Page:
CM: My mother and two sisters have been incredibly supportive, and I don’t take that for granted. Unfortunately I do not have a relationship with my father today. It’s a question I am asked a lot. It’s possible to forgive someone without being in contact with them; but if that person who hurt you is unwilling to be accountable for their actions, as is the case with my father, then you will continue to re-victimize yourself if you remain in contact with them. This was a hard lesson I had to learn, but an important one. I allowed myself, with the support of a therapist and twelve-step group, to move through that pain and grief.
KG: Did you find the writing process empowering and transformative?
CM: Absolutely. Writing for me has always been like magic. Sometimes you can’t see the message until it is all out of you, our subconscious is always at work. Writing truly saved my life. Without a pen and my journals, I wouldn’t have gotten through some of my toughest, darkest days. The page always listens. And there is something to be said about our health when we release the thoughts, fears, resentments onto the page. I believe studies have been done to show that writing improves mental and physical health; it certainly does for me.
KG: What was your writing process like? Was it easy to find the structure? What was the most challenging part for you? Did you (do you) have a writing ritual?
CM: The back and forth structure of present to past came naturally to me. I write usually how I see and/or experience things since I’m visual. The most challenging aspect was re-living the past and having to remember that it wasn’t my present reality. I remember showing up at a friend’s house in tears because of a scene I had just written and I felt trapped inside of it. It was a very emotional process but I had no choice but to move through it in order to get to the other side. As far as rituals, I think it’s just about letting go of my perfectionism on a daily basis so I can begin writing. Getting seated and going has always been the hardest part because of fear, which, I once heard stands for “false evidence appearing real.”
KG: How did you land a publishing deal?
CM: I was very lucky in that a few publishers read the article I wrote for the LA Weekly criticizing the “The Wolf of Wall Street,” so I had the opportunity to meet with them and send them my proposal. That said, I was prepared because I had spent years quietly writing and re-writing, so I’m a big believer in that saying, luck is when preparation meets opportunity.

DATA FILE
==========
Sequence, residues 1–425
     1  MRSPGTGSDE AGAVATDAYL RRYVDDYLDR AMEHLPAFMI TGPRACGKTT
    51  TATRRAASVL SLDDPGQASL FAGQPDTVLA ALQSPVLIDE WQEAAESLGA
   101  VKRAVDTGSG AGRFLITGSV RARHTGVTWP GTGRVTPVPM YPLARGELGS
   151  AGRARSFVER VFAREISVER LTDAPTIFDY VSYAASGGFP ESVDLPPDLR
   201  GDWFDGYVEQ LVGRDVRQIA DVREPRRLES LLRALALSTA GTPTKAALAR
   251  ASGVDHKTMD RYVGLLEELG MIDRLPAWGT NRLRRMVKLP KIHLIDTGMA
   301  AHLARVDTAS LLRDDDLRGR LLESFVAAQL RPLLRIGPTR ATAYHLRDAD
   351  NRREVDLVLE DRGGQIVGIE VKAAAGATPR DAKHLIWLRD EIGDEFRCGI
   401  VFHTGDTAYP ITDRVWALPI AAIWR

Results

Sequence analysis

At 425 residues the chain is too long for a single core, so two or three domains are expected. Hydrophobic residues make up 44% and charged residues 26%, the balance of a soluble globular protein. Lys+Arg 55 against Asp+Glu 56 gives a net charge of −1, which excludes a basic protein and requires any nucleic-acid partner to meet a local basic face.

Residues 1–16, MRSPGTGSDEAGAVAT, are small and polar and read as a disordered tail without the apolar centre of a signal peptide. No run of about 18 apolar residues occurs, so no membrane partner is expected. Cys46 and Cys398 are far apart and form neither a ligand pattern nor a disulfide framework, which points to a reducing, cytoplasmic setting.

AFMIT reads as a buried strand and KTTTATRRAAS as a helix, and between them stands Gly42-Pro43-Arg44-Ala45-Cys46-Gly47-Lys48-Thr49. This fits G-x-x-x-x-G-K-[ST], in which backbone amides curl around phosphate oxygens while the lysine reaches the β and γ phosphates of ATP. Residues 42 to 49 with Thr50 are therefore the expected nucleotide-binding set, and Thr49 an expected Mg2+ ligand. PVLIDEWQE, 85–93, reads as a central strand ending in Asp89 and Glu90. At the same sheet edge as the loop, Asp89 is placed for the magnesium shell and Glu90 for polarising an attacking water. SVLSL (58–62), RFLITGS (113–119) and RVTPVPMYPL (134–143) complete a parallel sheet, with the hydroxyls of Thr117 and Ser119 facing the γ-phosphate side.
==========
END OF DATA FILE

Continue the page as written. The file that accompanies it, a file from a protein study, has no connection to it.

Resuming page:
KG: I have noticed in readers’ reviews that many relate to your character’s journey, that it’s not a “poor little rich girl” story. That is a remarkable achievement. Is this something you consciously worked at? How did you approach the writing process so that your journey would be relatable?
CM: Thank you. I definitely credit my editor, Allison Callahan, at Gallery Books for helping me dig deeper. She challenged me in places where I needed to be more accountable for the mistakes I made in my life. But I was also in a place where I was ready to hear it, to go from being a victim to being a survivor, and that meant owning up to my part in every relationship in my life and then translating that to the page. I think we can all relate as human beings to feeling like we have somehow failed in some way, or perhaps we struggle with identity, or reminding ourselves that our bank accounts aren’t a reflection of our self-worth, or coping with the loss of a parent to alcoholism, or to prison. I always knew this story was about so much more than the loss of money, but about the loss of family, American values, love and accountability. I always say that we are powerless over the cards we are dealt, but it’s up to us and only us what we do with them.
KG: Will you be attending the POPS gala on November 2nd? Can you tell us about it?
Yes! I am very humbled to be this year’s honoree along with the class of 2019. We are having a Casino Masquerade at the Los Angeles Athletic Club downtown to raise money for our ever-expanding programs. There will be games, jazz, dancing and cocktails. I am so excited to dance the night away celebrating such an important, and life-changing organization. I hope you will join us! All are welcome!
KG: Yes, I will be there!
Why should someone who has no connection to the prison system come out and support POPS?
Studies now show that nearly half of all U.S. children have been impacted by incarceration. That is an overwhelming number of youth in the wealthiest country in the world to be suffering—youth that are at high risk for homelessness, hunger, and complete isolation. Just think about the long-term ramifications of this. No child in this world should ever feel alone, or should ever be homeless on the street. We can always do more to fight to keep our communities together.
KG: From a creative and artistic standpoint, I am curious if you think that this story is the hardest one you’ll ever tell? Has your creativity opened up in the aftermath of getting this origin story out?
CM: Oh absolutely. I do think in many ways it was the hardest story I will ever tell. Initially, of course, because I had never written a book before and I was learning as I went. It took years to form the story, a lot of trial and error, failing and starting over. And also just because of how emotionally painful it was to re-live each experience on the page. I certainly wouldn’t be writing fiction today without having told this story first. I always used to tell my friends and family while I was writing it that I just have to get it out so that what’s left inside of me can find its place to live.
I'm currently writing my first novel, which has been an entirely different experience. Of course, it is heavily influenced by my childhood. It takes place in Washington, D.C. and is about the murder of a wealthy family. It's an exploration of classism in America, old money versus new money, the disintegration of values—if they were ever really there to begin with—power and white fragility. Clearly I'm drawn to comedy! But in all seriousness, I am having way more fun writing this one than the last.